If you want to create a digital product that engages your audience and gets them talking, I recommend building a tribe around it. It’s never too early to start. I formed my tribe before I’d decided to write a book.  I’ve used this method with more than books. I also used key Facebook groups when I transitioned from IdeaMarketers to IgnitePoint.com.

This was a major leap for me, and I knew I couldn’t take it alone or blind. I needed the feedback of colleagues who would later become my contributors. I also needed feedback from my ideal site visitors.

In this case, I formed a new group for my colleagues who helped me rebrand myself and the site. My Light Bearer group came in handy again. I told them I was going to build a site for them that would address all the typical entrepreneurial and life challenges they face.

I asked them to share with me their typical challenges and what they would like to see in a site like this. They responded with a list of ideas and things they wanted to see addressed. This list became the fodder for the new site, and it continues to guide me as I take the site into its next stage of development.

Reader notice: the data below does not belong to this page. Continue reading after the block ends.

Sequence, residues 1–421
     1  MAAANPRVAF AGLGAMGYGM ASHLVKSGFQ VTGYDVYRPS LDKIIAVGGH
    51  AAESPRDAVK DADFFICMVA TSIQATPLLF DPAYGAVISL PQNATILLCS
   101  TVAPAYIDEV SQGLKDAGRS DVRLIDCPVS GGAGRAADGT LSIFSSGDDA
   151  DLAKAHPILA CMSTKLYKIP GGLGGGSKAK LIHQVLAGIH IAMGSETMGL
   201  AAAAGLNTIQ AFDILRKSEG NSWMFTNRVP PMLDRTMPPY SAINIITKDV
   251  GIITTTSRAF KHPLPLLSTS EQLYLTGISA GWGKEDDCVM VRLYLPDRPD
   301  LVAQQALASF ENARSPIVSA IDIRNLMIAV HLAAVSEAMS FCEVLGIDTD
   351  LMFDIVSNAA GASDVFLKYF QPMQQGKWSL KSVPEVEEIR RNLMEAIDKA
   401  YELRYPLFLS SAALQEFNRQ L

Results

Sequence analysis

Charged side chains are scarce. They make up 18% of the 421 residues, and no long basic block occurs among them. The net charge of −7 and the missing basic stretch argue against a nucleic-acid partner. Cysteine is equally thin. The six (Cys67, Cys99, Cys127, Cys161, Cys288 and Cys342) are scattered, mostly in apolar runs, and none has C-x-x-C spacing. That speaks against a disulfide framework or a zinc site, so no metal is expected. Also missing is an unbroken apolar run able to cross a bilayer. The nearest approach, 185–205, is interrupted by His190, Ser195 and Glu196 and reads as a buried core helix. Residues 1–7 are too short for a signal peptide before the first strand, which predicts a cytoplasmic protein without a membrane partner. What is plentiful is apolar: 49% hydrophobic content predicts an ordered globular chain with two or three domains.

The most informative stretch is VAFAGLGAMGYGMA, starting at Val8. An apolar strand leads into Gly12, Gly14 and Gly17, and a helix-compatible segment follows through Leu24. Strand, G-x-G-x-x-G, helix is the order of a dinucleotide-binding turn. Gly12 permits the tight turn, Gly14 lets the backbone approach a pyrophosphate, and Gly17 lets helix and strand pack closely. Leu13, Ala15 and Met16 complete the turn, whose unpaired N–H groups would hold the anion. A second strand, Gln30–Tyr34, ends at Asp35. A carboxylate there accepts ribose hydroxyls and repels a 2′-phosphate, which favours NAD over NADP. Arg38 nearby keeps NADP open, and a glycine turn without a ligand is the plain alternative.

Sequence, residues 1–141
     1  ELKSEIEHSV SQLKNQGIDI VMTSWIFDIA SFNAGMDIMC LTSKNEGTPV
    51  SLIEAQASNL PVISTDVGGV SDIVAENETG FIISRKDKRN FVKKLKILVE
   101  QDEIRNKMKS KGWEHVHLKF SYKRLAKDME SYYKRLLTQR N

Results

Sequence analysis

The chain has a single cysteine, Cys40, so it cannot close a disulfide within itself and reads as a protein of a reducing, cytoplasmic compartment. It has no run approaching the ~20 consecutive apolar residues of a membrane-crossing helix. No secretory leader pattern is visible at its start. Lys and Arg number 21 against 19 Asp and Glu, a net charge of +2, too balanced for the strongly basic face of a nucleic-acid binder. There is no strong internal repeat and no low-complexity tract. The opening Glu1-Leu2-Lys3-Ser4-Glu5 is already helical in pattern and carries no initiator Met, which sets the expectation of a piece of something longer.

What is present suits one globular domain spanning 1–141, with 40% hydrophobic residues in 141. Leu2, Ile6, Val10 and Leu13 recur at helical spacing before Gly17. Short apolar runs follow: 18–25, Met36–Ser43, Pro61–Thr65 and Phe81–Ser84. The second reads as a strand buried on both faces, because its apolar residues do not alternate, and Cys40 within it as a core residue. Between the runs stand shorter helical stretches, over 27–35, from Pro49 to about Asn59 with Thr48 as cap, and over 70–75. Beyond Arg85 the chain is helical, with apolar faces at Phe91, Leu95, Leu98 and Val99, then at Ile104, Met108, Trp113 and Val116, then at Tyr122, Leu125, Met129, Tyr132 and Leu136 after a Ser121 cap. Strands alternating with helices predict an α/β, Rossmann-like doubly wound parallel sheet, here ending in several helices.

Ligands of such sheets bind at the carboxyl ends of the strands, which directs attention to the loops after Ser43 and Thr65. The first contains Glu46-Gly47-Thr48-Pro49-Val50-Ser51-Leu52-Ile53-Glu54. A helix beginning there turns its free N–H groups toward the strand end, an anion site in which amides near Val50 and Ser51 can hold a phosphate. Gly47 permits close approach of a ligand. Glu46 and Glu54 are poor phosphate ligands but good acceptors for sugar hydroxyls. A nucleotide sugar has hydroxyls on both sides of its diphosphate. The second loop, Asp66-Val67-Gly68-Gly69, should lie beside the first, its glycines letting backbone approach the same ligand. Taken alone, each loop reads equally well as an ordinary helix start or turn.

With today’s technology, there is absolutely no reason for you to create products in the dark. You have so many communication channels available to assist you in forging and fostering relationships with your ideal audience.

Yet, One More Thing Is Needed…

Not everyone can build a group of loyal followers who gladly help them with their goals. Those who try to do this with self-serving, egotistical motives will have difficulty. People can see right through you. They can tell if it’s all about you and what you want.  They can tell if you think you’re better than they are.

The key to successful tribe building and customer engagement is to genuinely care about your audience. How you do that is as individual as you are.